Art & Culture

Goodbye Sridevi, we'll miss you: There won't be another like you

Suhani Singh
Suhani SinghFeb 25, 2018 | 11:15

Goodbye Sridevi, we'll miss you: There won't be another like you

If you were a kid growing up in the 1990s, you were either Team Boyzone or Team Backstreet Boys (Boyzone forever!) or Team Sridevi or Team Madhuri (Team Sridevi any day). My shero-worship for the actress meant that I watched many of her less accomplished films too. I have seen her despise and then try to win over Anil Kapoor in Laadla and Judaai. I have seen the Nagina series and also the dud Roop Ki Rani Choron Ka Raja (I happily danced to “Dushman Dil Ka Jo Hai Mera” for a family get-together because I bloody wanted to). I sat through Chandra Mukhi because that’s what a die-hard Sridevi fan does.



I went and watched Puli (2015) because why would you deny yourself the opportunity to see Sridevi as a maleficent queen. I always returned saying she was the best part in all of them. I was biased but if there was one actor worth rooting for blindly, it was Sridevi. There hasn’t been another ever since. There won’t be. 

Too many childhood days have been spent in front of the mirror trying to replicate her dances. The desire to step out and dance in the first rain, however foolish it sounded to my parents, was only because of her. Choreographer Saroj Khan told me how it was hard to take the camera off her face because that’s how expressive she was. Many came and tried to recreate the magic. They could only try. No list can do justice to her but below are films that changed my life for the better. 

Sadma (1983)

Sridevi could make you laugh just by raising her eyebrows, but boy could she make you wistful! I watched this film much later, realising that my favourite actress was even more extraordinary than I thought she was. Kamal Haasan and Sridevi break your hearts in that last scene. #ReshmiandSomuForever!


Mr India (1987)

“Hawa Hawai”, “Bachhe Tere Bachhe” (called the Parody song), the Charlie Chaplin sequence are proof of Sridevi’s genius. To make your presence felt in essentially a superhero film with an ensemble of kids is no easy feat, but if someone can, it’s Sridevi. When she didn’t regale audiences by being her annoyed best, she mesmerised by swaying in that translucent blue sari to Kaante Nahi Katte. It was such a powerful act that everybody had their own invisible lover in 1987 and years after.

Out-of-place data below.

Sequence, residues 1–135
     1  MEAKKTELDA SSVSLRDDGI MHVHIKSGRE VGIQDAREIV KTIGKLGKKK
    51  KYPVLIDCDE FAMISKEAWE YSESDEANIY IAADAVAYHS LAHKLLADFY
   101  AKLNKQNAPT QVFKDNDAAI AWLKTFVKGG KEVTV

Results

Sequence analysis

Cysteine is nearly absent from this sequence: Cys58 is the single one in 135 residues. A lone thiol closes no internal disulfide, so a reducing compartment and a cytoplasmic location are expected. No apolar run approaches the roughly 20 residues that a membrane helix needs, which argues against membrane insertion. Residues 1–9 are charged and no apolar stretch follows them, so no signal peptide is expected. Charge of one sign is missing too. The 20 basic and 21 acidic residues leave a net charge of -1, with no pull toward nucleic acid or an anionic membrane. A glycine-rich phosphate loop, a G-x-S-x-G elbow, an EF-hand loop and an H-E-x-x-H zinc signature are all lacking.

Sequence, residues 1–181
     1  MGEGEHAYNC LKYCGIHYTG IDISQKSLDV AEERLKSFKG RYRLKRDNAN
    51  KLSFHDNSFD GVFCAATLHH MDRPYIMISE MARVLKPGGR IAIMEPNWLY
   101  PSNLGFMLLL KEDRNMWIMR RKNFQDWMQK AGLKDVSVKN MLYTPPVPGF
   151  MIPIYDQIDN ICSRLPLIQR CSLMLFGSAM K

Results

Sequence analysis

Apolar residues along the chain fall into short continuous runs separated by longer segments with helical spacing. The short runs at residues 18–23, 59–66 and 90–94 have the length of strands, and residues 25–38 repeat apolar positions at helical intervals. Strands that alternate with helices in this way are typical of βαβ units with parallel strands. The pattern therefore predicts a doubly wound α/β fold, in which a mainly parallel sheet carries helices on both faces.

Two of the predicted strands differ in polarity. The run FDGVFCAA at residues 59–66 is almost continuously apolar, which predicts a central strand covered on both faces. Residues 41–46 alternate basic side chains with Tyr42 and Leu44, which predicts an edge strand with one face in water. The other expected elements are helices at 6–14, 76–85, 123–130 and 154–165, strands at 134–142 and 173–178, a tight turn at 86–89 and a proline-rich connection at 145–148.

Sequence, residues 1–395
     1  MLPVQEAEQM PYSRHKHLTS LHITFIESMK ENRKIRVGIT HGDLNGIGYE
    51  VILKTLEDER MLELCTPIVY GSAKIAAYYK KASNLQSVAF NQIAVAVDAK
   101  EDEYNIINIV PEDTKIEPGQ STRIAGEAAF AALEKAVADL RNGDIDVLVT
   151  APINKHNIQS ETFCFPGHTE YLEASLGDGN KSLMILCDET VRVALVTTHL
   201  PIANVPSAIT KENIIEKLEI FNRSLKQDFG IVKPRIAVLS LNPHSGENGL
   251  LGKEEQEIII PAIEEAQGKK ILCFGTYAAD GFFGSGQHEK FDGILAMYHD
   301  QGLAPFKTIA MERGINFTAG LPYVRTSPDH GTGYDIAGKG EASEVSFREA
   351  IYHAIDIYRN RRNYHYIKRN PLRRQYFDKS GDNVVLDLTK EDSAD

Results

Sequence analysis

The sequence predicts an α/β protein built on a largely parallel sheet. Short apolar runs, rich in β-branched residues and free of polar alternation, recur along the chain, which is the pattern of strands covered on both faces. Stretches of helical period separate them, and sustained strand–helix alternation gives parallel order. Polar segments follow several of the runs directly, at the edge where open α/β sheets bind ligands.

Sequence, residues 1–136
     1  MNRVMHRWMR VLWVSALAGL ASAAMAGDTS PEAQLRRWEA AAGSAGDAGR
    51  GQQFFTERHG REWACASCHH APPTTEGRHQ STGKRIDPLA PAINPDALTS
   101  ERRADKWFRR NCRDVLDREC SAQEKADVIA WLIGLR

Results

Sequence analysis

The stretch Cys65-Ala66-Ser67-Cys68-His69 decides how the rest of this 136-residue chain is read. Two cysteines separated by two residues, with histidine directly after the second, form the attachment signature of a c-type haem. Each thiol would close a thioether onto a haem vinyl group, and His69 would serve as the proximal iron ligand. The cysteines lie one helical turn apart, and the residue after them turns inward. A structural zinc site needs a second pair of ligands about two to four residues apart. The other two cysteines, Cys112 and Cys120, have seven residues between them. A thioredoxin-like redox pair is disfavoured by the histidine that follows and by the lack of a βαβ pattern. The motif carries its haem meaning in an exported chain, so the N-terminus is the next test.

ChaalBaaz (1989)

This retelling of Sita aur Gita was when I first came to appreciate the might of Sridevi. So assertive is her presence that it’s easy to forget her male co-stars – Sunny Deol and Rajinikanth no less – in this. Changing gears from being coy to brazen effortlessly, this was a career high in an impressive oeuvre.

Chandni (1989)

The film that cemented her reputation as a superstar. This was a Sridevi show throughout. After “Hawa Hawai”, if there’s one song to remember her by, it’s “Chandni”, for which she also sang in a childlike manner. Few actresses have made themselves as vulnerable on screen as Sridevi has. The rewards on screen were rich.


Lamhe (1991)

Another double role that’s a masterclass in acting. The film didn’t have many admirers for what was seen as a controversial love story – a young woman (Sridevi) falls for her mother’s much older admirer (Anil Kapoor). But this underappreciated Yash Chopra film had two actors in fine form. To see the full range of Sridevi’s thespian skills, just watch the antaakshri sequence. 

English Vinglish (2012)

Gauri Shinde gave the actress the comeback of a lifetime and reminded audiences what they were missing out on. As the meek housewife and mother who nurtures and loves but gets very little love or respect in return, Sridevi didn’t hit one wrong note in her performance. When her character after much prodding breaks into a dance to “Navrai Majhi”, you witness sheer joy.

Last updated: February 26, 2018 | 10:49
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